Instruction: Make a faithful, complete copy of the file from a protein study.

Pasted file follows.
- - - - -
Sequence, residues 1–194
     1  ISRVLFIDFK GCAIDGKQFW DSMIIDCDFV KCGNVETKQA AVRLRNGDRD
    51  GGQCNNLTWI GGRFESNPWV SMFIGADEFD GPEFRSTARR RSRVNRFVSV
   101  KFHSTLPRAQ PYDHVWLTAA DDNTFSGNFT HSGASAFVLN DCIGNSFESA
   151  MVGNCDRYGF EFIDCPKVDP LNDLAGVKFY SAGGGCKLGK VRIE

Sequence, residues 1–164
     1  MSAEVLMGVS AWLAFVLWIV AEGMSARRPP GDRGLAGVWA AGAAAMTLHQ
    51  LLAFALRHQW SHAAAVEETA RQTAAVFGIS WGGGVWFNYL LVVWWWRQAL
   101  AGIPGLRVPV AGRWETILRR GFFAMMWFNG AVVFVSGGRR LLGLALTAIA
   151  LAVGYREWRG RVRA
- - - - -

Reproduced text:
Sequence, residues 1–194
     1  ISRVLFIDFK GCAIDGKQFW DSMIIDCDFV KCGNVETKQA AVRLRNGDRD
    51  GGQCNNLTWI GGRFESNPWV SMFIGADEFD GPEFRSTARR RSRVNRFVSV
   101  KFHSTLPRAQ PYDHVWLTAA DDNTFSGNFT HSGASAFVLN DCIGNSFESA
   151  MVGNCDRYGF EFIDCPKVDP LNDLAGVKFY SAGGGCKLGK VRIE

Sequence, residues 1–164
     1  MSAEVLMGVS AWLAFVLWIV AEGMSARRPP GDRGLAGVWA AGAAAMTLHQ
    51  LLAFALRHQW SHAAAVEETA RQTAAVFGIS WGGGVWFNYL LVVWWWRQAL
   101  AGIPGLRVPV AGRWETILRR GFFAMMWFNG AVVFVSGGRR LLGLALTAIA
   151  LAVGYREWRG RVRA